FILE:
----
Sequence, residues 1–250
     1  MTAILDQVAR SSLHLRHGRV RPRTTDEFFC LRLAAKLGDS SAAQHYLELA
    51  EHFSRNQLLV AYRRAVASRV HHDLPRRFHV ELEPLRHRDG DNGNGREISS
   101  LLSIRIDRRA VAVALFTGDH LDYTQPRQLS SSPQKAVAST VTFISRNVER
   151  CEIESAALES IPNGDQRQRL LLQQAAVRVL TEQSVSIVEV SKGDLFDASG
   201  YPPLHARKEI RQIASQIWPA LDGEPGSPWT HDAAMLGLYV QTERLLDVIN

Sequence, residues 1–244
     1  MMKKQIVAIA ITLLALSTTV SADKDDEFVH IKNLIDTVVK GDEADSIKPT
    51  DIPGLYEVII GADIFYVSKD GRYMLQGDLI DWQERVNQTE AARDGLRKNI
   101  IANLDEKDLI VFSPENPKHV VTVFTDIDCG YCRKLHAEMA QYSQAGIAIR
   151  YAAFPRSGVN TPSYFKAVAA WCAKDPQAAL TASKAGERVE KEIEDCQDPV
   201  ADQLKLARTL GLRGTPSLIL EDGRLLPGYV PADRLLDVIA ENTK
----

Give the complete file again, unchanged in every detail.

Sequence, residues 1–250
     1  MTAILDQVAR SSLHLRHGRV RPRTTDEFFC LRLAAKLGDS SAAQHYLELA
    51  EHFSRNQLLV AYRRAVASRV HHDLPRRFHV ELEPLRHRDG DNGNGREISS
   101  LLSIRIDRRA VAVALFTGDH LDYTQPRQLS SSPQKAVAST VTFISRNVER
   151  CEIESAALES IPNGDQRQRL LLQQAAVRVL TEQSVSIVEV SKGDLFDASG
   201  YPPLHARKEI RQIASQIWPA LDGEPGSPWT HDAAMLGLYV QTERLLDVIN

Sequence, residues 1–244
     1  MMKKQIVAIA ITLLALSTTV SADKDDEFVH IKNLIDTVVK GDEADSIKPT
    51  DIPGLYEVII GADIFYVSKD GRYMLQGDLI DWQERVNQTE AARDGLRKNI
   101  IANLDEKDLI VFSPENPKHV VTVFTDIDCG YCRKLHAEMA QYSQAGIAIR
   151  YAAFPRSGVN TPSYFKAVAA WCAKDPQAAL TASKAGERVE KEIEDCQDPV
   201  ADQLKLARTL GLRGTPSLIL EDGRLLPGYV PADRLLDVIA ENTK